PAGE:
Free resources

24th March 2006 at 00:00
Watch artists at work

ArtisanCam lets all children, especially key stages 2 and 3, watch contemporary artists at work and gain insight into their skills and purposes. You just click on easy-to-follow instructions to watch highly talented people doing sculpture, ceramics, printing and drawing. You can see how they apply specific techniques and explore some of the influences on their practice. Testimony from exhibition curators and technicians provides broader aesthetic understanding.

Science for the future

Few issues in science can be more relevant to pupils than the future of life on Earth. Climate Change in the Curriculum allows them to learn about the topic, contribute towards a body of international research and discuss their findings with others. The online programme brings together materials suitable for all age groups from key stage 2 upwards - interviews with scientists, databases from around the world, web pages from governments and interest groups, information sheets, graphs and climatological models. It's an excellent way to relate students' concerns to the demands of scientific enquiry.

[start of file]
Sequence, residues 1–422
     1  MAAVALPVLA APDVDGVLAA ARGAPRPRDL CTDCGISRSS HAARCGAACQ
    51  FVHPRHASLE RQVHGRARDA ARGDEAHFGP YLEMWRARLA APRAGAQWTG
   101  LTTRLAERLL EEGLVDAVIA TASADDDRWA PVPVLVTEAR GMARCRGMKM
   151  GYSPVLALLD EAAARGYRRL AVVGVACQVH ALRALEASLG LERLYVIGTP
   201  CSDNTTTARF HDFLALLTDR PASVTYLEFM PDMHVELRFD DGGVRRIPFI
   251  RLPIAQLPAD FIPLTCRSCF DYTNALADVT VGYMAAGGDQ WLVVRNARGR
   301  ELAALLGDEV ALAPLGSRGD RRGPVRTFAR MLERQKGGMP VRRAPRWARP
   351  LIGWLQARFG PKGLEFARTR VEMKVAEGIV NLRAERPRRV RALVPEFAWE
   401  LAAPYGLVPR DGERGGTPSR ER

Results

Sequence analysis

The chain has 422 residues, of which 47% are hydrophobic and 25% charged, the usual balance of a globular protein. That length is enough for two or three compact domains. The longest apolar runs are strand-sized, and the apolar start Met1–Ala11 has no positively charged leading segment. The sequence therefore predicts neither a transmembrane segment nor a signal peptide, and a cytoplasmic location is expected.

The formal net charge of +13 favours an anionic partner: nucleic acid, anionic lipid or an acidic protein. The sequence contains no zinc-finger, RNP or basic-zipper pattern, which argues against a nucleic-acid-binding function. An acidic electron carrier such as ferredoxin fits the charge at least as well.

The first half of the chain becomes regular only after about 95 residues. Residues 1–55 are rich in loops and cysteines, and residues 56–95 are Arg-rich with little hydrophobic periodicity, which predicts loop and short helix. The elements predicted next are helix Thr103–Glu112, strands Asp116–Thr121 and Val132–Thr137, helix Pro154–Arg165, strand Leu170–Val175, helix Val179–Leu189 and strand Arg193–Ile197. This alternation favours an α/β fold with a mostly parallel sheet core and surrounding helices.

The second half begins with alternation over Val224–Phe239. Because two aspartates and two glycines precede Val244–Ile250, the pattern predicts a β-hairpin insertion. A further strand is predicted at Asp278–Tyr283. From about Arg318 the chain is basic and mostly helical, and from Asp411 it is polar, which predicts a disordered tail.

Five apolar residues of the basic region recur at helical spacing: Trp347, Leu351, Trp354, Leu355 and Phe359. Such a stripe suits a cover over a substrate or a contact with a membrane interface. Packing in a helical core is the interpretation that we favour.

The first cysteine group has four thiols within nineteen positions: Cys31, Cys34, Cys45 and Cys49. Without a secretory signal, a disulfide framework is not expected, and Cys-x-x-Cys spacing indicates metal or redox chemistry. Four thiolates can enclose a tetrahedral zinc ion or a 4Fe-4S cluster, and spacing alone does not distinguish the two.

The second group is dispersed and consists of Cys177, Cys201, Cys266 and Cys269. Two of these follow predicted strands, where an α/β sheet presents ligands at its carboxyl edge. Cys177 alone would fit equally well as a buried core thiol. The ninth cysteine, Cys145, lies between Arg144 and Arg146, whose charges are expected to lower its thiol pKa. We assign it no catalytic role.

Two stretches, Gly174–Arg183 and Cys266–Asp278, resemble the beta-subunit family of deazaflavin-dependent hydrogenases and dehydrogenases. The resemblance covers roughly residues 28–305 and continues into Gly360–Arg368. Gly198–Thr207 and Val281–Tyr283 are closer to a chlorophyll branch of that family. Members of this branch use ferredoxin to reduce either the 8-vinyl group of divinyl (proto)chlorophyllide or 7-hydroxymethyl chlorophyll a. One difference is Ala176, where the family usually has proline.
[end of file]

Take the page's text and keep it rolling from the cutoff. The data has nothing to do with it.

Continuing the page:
In a context of violence

The Oscar-nominated film Tsotsi is more than just a psychological thriller. Based on the novel by Athol Fugard, it shows how a ruthless young gang leader in a Johannesburg township is forced to confront his brutal nature and the consequences of his actions. Film Education has created an online resource for older students working on topics in PSHE, RE and Film and Media Studies. They can investigate the South African social and economic background, plot the web of relationships within the narrative, and explore the way ideas of moral change arise within the context of violence.

Collective conscience

The film Shooting Dogs is based on the harsh reality of the Rwandan genocide of 1984, as a Catholic priest and a young teacher witness their small community being destroyed by the massacres. A digital resource for GCSE and ASA2 students explores many of the film's themes, raising powerful questions about individual and collective responsibility for the ways in which racial prejudice can be transformed into mass murder. Other sections investigate the history of Africa and the methods used by film-makers to identify an audience, create characters and construct a narrative. Film Education, 21-22 Poland Street, London W1F 8QQ.

Tel: 020 7851 9450

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